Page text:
Scotiabank Nuit Blanche


Tree House, 2012
Photo: Joanne Patterson

Parental guidance advised

Distillery District - DEAF CULTURE CENTRE

Identity in Place

Julia Lee Patterson - Toronto, Canada


Powerful sculptural installations tell their own stories of Deaf identity and how those whose identities are not accommodated are not in place. Sculptures featured include Oh, How He Danced, a memorial to 28 Deaf children who died in darkness amidst a fire in a Russian school, and Tree House, a tribute to the Deaf Tree Twins who seeded the famous Redwood Park in BC. Killick is based on the stone weight used as an anchor in Newfoundland fishing boats, cast by the artist as a bronze relief with an ear. The sculpture is a metaphor for her need to feel anchored to language and for the futility of using sound to do so. Earmold and Soapstone, larger than life sculptures, each provide a medium for transformation of the ear as a source of negativity in the artists’ life into a reshaped identity as a person whose needs have not been met by the culture around her.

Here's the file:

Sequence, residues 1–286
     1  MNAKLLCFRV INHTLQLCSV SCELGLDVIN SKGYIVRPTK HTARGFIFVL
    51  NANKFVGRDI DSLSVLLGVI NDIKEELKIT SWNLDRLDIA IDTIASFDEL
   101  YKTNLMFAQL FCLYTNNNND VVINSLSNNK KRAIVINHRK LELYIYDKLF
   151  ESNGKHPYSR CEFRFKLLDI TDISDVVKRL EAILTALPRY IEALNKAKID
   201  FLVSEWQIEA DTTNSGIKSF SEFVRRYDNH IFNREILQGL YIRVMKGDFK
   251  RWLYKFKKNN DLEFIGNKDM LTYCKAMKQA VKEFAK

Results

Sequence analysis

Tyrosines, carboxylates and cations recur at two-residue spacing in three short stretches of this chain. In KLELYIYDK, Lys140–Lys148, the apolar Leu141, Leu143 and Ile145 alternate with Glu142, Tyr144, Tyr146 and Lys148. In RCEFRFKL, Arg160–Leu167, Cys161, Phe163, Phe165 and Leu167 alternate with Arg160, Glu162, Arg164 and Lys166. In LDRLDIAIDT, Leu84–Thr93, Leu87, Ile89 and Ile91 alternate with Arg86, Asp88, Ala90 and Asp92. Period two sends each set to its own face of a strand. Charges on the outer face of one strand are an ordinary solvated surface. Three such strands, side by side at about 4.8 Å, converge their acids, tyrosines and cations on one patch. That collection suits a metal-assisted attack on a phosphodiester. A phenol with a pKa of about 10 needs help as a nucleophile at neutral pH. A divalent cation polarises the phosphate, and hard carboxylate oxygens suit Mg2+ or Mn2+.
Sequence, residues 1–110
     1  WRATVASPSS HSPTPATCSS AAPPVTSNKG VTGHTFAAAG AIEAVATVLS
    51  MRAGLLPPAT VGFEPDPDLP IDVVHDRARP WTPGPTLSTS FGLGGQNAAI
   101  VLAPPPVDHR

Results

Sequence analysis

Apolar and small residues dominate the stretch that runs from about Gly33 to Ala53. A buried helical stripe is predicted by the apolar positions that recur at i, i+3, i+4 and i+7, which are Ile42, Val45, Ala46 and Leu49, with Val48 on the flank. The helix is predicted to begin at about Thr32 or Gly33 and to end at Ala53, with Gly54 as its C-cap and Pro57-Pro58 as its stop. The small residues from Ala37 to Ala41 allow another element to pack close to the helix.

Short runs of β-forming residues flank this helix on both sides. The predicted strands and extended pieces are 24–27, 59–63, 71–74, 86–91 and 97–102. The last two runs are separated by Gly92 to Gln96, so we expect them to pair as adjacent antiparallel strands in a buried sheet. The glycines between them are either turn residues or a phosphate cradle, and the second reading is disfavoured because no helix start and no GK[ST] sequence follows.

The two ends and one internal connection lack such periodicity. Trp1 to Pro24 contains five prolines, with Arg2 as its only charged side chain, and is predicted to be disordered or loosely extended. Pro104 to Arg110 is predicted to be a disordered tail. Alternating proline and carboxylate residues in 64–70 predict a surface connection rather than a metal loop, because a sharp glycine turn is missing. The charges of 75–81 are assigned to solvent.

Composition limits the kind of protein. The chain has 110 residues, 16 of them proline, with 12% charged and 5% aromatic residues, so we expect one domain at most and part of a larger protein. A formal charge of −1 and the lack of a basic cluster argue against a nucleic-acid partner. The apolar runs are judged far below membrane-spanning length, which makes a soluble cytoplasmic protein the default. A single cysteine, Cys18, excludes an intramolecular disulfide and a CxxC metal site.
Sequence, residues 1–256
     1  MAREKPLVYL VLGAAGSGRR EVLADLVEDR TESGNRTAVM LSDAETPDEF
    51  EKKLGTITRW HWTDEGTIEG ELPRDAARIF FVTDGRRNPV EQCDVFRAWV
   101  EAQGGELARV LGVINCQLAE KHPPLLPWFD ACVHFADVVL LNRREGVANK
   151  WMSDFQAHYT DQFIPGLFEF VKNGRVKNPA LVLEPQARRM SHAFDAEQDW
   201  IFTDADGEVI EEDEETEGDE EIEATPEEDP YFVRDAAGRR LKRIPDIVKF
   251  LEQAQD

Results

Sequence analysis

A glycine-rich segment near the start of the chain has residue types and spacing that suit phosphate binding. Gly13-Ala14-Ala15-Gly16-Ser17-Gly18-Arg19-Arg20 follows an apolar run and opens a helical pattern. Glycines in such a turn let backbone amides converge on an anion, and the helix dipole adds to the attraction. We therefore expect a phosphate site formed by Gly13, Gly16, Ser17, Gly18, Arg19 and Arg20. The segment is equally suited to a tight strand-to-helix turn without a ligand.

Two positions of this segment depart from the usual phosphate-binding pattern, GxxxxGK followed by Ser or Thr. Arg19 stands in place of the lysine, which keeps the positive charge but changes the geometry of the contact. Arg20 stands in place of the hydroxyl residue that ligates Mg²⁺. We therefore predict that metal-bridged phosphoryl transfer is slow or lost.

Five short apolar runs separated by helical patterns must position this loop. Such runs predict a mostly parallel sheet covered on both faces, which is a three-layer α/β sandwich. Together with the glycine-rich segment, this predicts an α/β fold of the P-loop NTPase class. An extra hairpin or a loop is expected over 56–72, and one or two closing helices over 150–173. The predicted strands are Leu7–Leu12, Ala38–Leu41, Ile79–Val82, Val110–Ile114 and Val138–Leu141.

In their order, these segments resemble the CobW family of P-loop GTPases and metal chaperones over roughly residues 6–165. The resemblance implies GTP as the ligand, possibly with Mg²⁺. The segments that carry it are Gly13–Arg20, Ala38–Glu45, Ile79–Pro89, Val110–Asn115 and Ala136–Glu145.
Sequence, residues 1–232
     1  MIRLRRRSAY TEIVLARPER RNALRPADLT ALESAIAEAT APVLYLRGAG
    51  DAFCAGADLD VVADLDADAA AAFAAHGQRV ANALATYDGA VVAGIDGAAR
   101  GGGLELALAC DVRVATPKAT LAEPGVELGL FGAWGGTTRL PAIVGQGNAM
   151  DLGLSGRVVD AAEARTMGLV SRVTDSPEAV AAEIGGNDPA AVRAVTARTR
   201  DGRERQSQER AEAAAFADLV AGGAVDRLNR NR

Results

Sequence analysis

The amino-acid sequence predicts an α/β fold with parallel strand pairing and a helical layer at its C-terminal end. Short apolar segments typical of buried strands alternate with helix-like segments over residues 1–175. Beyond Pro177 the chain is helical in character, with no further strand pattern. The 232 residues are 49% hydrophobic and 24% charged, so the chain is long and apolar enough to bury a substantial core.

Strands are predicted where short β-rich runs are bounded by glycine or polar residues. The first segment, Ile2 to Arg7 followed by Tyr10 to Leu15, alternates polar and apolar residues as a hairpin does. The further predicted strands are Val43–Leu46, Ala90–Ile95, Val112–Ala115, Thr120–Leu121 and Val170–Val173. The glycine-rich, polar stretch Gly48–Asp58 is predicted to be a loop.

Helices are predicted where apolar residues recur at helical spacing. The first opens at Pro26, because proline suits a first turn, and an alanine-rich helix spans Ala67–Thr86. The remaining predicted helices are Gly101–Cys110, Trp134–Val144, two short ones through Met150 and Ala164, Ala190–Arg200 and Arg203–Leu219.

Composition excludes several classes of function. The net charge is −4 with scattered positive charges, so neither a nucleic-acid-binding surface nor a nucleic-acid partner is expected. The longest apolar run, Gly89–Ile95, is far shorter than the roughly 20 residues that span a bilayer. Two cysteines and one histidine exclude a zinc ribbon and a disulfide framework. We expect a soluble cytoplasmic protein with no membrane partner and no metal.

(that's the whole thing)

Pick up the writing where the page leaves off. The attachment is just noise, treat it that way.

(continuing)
Julia Lee Patterson, a Toronto-based artist, examines Deaf identity and experience through bronze casting, soapstone, wax, graphite, and charcoal. 


The beautiful DEAF CULTURE CENTRE GALLERY will feature five contemporary sculptures by national award winning 2013 Deaf visual artist, Julia Patterson, in the context of Canadian Deaf artists featured around the gallery perimeter. The sculptor, Julia will be available throughout the night to provide additional artist insights and will provide artist talks (with an English/ASL interpreter) at 7:30 pm, 9:00 pm, 11:00 pm and 1:00 am.


Distillery District - DEAF CULTURE CENTRE, 34 Distillery Lane (Accessible from the south parking lot of the Distillery District), 416-203-2294

This project is indoors.